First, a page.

More recently, to hear it from the prostitutes themselves, down-market variations on that patrician theme have been reduced to a series of musty cliches.
“Fashion doesn’t produce a vast range of ideas of what female sexuality looks like,” said Annie Sprinkle, a writer, sex educator and former prostitute. Stereotypes abound, she noted, with the upper echelons of the profession embodied by the aspirational up-and-comer cloaked in cashmere and silk and the role-play specialist dressed in pinstripes or a schoolgirl smock. The more down-market variations flaunt fishnets, kinky boots, hot pants, fur chubbies and harnesses.
It’s a visual code dating at least from the 1970s, tatty and archaic even then. Yet it is routinely resurrected by top-tier designers including Marc Jacobs, John Galliano and Alexander Wang, each gussying up his offerings in sumptuous fabrics or in a mash-up of fetish, athletic and military gear, to tamp down the steamy aggression and make the look palatable to an affluent clientele.
The gambit works. “In the disco era, fashion was inspired by drag queens and prostitutes,” said Tom Fitzgerald, one half of Tom & Lorenzo, an opinionated fashion blog. “Fashion in general is always borrowing from street wear, and it doesn’t get more street wear than hooker.” Those references, fixtures in the lexicon of style, are mainstream now. “Is there a specific sex worker look anymore?” Fitzgerald said. “Or does it all get pulled from the sexy pile at Forever 21?”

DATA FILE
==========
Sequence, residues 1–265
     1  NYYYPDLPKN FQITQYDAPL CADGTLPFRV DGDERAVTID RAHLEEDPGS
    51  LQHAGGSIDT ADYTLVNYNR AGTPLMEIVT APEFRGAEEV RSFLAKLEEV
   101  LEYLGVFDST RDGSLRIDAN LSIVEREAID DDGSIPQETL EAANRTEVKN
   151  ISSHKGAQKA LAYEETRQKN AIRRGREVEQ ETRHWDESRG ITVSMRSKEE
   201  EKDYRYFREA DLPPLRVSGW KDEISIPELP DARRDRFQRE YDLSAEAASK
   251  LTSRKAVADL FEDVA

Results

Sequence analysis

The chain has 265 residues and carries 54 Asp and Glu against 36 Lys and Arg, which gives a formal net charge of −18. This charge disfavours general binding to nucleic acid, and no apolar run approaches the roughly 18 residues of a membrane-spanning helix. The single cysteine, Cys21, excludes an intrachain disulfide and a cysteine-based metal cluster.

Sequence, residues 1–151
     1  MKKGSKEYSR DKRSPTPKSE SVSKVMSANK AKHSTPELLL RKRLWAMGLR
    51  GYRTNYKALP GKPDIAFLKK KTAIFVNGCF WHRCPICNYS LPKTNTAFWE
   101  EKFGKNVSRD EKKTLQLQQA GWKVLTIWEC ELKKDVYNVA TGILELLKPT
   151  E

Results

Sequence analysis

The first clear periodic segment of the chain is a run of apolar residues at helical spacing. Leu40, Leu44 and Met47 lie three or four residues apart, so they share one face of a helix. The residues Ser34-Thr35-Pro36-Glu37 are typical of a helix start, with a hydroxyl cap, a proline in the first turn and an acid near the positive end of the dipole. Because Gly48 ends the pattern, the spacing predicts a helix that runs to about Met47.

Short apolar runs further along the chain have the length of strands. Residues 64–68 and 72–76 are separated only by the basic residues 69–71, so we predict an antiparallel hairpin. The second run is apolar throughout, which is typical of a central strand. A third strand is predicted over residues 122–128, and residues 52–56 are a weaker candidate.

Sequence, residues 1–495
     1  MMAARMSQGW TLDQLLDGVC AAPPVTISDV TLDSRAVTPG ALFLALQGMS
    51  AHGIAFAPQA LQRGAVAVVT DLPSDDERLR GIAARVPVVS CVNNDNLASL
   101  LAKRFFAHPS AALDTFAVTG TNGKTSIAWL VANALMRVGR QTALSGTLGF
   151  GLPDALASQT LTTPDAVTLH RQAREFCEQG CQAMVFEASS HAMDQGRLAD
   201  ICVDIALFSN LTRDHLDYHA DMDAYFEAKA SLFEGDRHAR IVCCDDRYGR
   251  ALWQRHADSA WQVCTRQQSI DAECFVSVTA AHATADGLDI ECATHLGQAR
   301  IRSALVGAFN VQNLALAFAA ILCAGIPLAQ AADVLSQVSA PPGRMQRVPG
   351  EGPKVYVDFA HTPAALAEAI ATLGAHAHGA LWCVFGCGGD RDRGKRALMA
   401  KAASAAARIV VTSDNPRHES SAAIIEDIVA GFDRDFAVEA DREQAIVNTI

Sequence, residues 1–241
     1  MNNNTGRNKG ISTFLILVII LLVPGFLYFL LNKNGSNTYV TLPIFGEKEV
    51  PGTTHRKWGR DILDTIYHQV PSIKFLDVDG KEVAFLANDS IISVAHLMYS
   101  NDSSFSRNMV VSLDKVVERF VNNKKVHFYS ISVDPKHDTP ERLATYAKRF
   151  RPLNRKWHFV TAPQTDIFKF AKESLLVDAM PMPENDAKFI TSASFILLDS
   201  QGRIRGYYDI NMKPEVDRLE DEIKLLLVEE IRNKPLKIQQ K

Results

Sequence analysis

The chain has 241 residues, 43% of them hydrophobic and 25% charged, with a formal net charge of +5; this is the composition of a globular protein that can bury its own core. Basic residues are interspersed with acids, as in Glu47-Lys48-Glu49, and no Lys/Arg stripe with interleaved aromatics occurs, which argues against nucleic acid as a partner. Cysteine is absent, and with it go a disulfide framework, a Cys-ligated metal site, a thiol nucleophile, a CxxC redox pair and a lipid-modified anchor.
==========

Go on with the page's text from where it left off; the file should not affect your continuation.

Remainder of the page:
Like hip-hop and grunge, “the look has been normalized,” he said. “It’s never been more respectable.”
Or apparently more covetable.
In The Deuce, Maggie Gyllenhaal, who plays the prostitute Candy, swivels her hips in a working-girl wardrobe of short shorts, skimpy tops and lightly soiled coats. The actress reminisced the other day about her fixation with its centrepiece, a boxy fur chubby, a down-market variation on a famously scandalising look introduced in the 1970s by Yves Saint Laurent, one inspired by the wartime prostitutes of the Rue Saint-Denis.
Seemingly unaware of its provenance, Gyllenhaal went on, “I wanted to wear that jacket in every scene.” She wasn’t alone. “It became such an iconic piece on the set,” Terrazas said. “All of the girls were, like, ‘I want a jacket like that.'”
Pop performers like to tap the look as an assertion of power, often treading a fine line between owning their sexuality and trading on it. Cardi B, a retired “stripper-ho,” as she boasts, has been accused of glamorising prostitution. She makes no apology.
Nor does Nicki Minaj, who turned up at a fashion show this fall wearing lace-up hot pants, over-the-knee boots and an ermine stole, her image an echo of Julia Roberts’s pre-makeover turnout in Pretty Woman. And let’s not forget Lil’ Kim, among the first performers to make tarty aggression her stylistic stock in trade, still pushing the look on her Instagram feed.
But those stereotypes are often at odds with reality.